Originally posted by Portio Research

 

Closeup of using modern mobile phone with email icons around it.Guest Post, courtesy of Bulletin.net: Lately, there’s been plenty of buzz in the mobile messaging industry about the “death of Short Message Service (SMS)” due to the growing proliferation of OTT (Over-The-Top) messaging. While it’s true that OTT is rapidly gaining market share as peer-to-peer SMS approaches what is believed to be its ultimate peak, the ultimate “death of SMS” is not even on the horizon. SMS, or Short Message Service, and OTT messaging, are designed in such a way that they can work in tandem with one another, generating a highly innovative way to keep in contact. At Bulletin, we call this integration “smart messaging”. It’s a model that’s changing the way we connect with one another, making mobile communication simpler and more effective than ever before.

 

To understand how and why these two platforms perform so seamlessly together, it’s important to understand what makes each  of them unique.  SMS is the tried and true text message that we’ve all grown to know and love. Invented back in 1992, this technology grew rapidly along with the advancement of mobile phones.  By 2000, users were sending 87.5 times the number of SMS messages they sent in 1995 (Mashable).  This, of course, is nothing compared to the 7.3 trillion SMS messages we will send this year (Portio Research – Mobile Messaging Futures 2014-2018).  SMS has truly revolutionized the way we communicate.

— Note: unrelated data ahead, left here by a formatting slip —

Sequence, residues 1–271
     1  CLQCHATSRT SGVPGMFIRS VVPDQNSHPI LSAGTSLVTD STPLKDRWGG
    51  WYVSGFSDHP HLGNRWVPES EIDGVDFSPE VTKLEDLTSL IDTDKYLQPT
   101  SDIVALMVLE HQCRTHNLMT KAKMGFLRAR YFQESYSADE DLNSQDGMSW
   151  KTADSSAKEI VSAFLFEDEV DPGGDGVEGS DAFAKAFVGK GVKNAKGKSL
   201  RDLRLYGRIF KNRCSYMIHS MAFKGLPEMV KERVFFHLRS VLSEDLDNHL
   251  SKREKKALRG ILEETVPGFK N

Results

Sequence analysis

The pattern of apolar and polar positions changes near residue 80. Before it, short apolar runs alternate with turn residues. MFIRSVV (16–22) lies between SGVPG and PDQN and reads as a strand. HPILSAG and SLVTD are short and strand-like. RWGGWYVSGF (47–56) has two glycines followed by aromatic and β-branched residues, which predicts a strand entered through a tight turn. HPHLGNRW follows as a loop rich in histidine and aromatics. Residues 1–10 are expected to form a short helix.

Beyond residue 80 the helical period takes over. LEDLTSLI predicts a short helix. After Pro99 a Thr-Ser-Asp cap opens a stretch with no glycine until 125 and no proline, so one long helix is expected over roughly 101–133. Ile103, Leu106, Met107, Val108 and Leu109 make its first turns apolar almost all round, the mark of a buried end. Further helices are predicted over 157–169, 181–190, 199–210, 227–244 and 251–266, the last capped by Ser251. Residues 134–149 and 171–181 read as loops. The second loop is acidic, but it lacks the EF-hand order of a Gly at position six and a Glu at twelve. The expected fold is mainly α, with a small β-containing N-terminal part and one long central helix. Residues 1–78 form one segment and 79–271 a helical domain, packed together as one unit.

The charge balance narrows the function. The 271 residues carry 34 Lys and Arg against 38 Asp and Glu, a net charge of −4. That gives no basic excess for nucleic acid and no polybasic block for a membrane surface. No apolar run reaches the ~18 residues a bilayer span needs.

What makes SMS a popular option is the fact that it is completely ubiquitous, operating on multiple platforms including both feature phones and smartphones alike.  SMS works even when a mobile data network is unavailable, eliminating the need for a Wi-Fi connection or app installation.  Unlike its OTT counterpart however, the platform offers limited message size and typically costs the user a few cents to send and receive each message.

 

To view this post in its entirety, please visit the Portio Research website here.